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Integrating Media and Technology with Flipped Model Pedagogy

Blackboard drawing student after class

         
The flipped classroom is associated with both student-centered pedagogy and the use of technology and media to provide an effective and engaging learning environment. While media and technology are not required for flipping the classroom, they can add value in many ways to the “blend” of in-class and out-of class experiences. So, how do you integrate technology and media with an educational process to improve learning?

There is an abundance of research literature supporting how active learning increases students' retention, motivation, and persistence with the class material. Therefore it is important not to use the technology (i.e.: video conferencing) or media (i.e.: video) for just absorbing inert knowledge but for more active participation in meaningful tasks that use the knowledge and skills.

To be successful, one must first understand the pedagogical principles that are specific to the use of technology and media in a learning environment. It is important to appropriately select and connect the instructional technology with the content, learning objectives, methods of instruction, student needs and abilities, learning strategies, pace of learning, and assessment and evaluation strategies.

When do you choose the media format? It is best to first define the learning objectives and choose the strategies and methods that will best facilitate the intended learning and then choose the media that will best deliver the learning message (Clark 2001). This is because some media work better than others when it comes to delivering certain types of content, contexts, and for learners with different levels of knowledge. Additionally, some types of media convey the message more effectively and efficiently than others. For example, for the learning objective “students will be able to identify parts of a neuron,” showing an illustration of a neuron with labels naming each of the parts for students to study is more effective than a long audible file talking about all the various parts of the neuron. But if the learning objective is “students will be able to explain how neurons send messages to each other,” then showing an animation of this process would be more effective for students to process and conceptualize it in their minds than an illustration with a lot of descriptive text that might be more difficult to piece together.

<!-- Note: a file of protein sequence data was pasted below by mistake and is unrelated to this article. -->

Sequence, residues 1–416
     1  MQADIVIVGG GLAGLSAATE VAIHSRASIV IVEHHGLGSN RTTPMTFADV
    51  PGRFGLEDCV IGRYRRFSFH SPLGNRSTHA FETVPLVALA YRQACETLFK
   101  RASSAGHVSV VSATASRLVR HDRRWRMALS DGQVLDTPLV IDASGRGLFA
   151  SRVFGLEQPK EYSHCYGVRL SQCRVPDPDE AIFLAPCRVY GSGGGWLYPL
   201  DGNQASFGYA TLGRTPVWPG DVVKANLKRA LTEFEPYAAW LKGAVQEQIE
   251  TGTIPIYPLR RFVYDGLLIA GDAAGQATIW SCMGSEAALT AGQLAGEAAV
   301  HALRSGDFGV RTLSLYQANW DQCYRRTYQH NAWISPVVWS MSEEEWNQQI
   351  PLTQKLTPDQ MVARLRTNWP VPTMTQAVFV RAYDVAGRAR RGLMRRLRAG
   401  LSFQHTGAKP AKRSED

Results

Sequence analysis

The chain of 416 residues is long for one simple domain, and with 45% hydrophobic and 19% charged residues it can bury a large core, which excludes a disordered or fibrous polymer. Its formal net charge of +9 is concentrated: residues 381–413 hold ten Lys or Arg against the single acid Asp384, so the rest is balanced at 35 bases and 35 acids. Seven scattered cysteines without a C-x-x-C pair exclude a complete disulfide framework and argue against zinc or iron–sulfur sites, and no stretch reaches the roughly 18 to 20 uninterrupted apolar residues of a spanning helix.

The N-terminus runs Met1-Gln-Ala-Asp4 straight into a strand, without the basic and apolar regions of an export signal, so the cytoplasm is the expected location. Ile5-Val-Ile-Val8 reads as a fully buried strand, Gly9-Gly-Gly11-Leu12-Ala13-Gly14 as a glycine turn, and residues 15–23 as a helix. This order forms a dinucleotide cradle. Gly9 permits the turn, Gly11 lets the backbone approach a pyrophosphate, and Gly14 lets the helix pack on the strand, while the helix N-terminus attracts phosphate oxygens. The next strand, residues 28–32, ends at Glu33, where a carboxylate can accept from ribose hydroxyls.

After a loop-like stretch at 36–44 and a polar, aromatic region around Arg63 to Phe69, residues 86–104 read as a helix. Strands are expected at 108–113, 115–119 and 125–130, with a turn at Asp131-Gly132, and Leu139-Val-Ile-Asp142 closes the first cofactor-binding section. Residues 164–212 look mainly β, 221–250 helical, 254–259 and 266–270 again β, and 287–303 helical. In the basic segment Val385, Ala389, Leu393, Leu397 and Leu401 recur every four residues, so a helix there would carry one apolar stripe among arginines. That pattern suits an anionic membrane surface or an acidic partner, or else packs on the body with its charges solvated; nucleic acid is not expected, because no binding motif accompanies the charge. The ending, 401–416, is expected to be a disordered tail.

Ways to Integrate Technology & Media into the Flipped Model

Below are general examples of ways to integrate media and technology into the flipped class model. Note that these are just examples and that the selection and design of theses activities are dependent on the learning objectives, type of content, and audience.

1. Before class

Integration of media & technology with instructional material

Examples for creating media material for students to get exposure before class:

  • Readings, including chapters, articles, and journals
  • Examples or explanations including:
    • Several varied worked examples (text) of math and statistics procedures
    • Animation demonstrating science processes & concepts
    • Simulation for modeling professional training
    • Text and image for illustrating parts of a thing or steps in a process
  • Interactive multimedia modules
  • Video case studies that offer multiple interpretations or points of view that then helps students prepare their argument for an in-class discussion/debate

*In all these examples NYU Classes can be used to make them accessible to students.

Integration of media & technology with motivational activities

Examples for using technology tools to facilitate student activities to motivate them to prepare before class: